A team with “special forces” wins Military Appreciation Game

By Janeth Beltrán Apodaca | Staff Writer

Command Sergeant Major Daniel Stauffer (right) speaks in front of Phil Labrie (left) and Whitworth President Scott McQuilken (center) during halftime of an NCAA football game at Whitworth University against Claremont-Mudd-Scripps, Saturday, Sep. 17, 2022, Spokane, Wash. | Caleb Flegel/The Whitworthian

Whitworth football beat Claremont Mudd-Scripps 12-7 in the annual Military Appreciation Game.

Heading into the weekend the Pirates knew they had a game to win; not only for their team but also as a special tribute to military veterans who sat amongst the crowd.

The visitors from California took the lead early in the second quarter with Justin Edwards’ rushing touchdown.

Whitworth scored their first two points during the second quarter by Derrick Platt, who sacked the Stag’s quarterback in the endzone for a safety.

Alvaro Campos-Ontiveros followed by scoring a 43-point field goal making the score 7-5 at halftime. The 43-yard field goal was the longest of his career.

“Our guys kept fighting,” said Head Coach Rod Sanberg.

Both teams struggled to score in the third quarter.

In the fourth quarter, the Pirates turned the ball over but later forced a punt to regain possession for the winning drive. After going 65 yards deep, Logan Kitselman received a 5-yard pass from Ryan Blairs that sealed the game with only 01:25 left on the clock.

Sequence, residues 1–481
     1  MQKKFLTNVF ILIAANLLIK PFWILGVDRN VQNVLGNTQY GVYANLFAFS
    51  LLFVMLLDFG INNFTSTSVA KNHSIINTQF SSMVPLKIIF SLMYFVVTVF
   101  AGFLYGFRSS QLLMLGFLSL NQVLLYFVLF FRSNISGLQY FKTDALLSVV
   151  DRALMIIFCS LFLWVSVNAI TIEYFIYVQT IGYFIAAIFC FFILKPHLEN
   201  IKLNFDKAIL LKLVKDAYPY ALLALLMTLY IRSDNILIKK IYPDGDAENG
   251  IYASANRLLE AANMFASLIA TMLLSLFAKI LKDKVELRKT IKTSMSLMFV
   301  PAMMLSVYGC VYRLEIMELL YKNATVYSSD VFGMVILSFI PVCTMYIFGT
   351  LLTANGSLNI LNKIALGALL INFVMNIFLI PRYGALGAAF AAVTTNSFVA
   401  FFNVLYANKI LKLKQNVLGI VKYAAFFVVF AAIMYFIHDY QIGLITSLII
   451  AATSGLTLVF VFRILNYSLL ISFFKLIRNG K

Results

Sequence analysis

Patrick Serrano had 10 tackles. Dylan Ventress got eight stops while Derrick Plat had six tackles.

“I am proud of our guys’ belief and how they just stayed the course and found a way at the end,” Coach Sandberg said.

Whitworth football team has ‘special forces teams’ where they, “try to implement the mentality of discipline, brotherhood and going to war,” said Peyton Gendron, a former team member and son of an Army Ranger.

“We don’t call it the punt team, we call it infantry. We don’t call it punt return, we call it Marines. We don’t call it the kickoff team, we call it the Rangers,” said Sandberg. “To make it more fun and important, all of our coaches are involved and we spend more time than a lot of people because we think it’s a crucial part of the game.”

“Similar to the military, they are going out on missions, with their brothers that they have to trust and go into battle with and we talked a lot about that in this football team,” said Gendron.

For Christopher Jimenez, a Navy veteran, it means a lot to be one of the 14 veterans recognized by Whitworth University.

Jimenez said that he chose Whitworth because it is ranked number two for the best colleges for veterans, according to US News and World Report.

“The way they treat their veterans here is amazing, they instantly try to connect you with people and make sure you feel welcomed and seen by everyone,” said Jimenez.

“[It is] so awesome to be able to honor all those that were in the stands that served,” said Sandberg. “[I was] really impressed with all that we did today. To honor them [veterans] and I’m thankful that we’re a school that wants to do that.”

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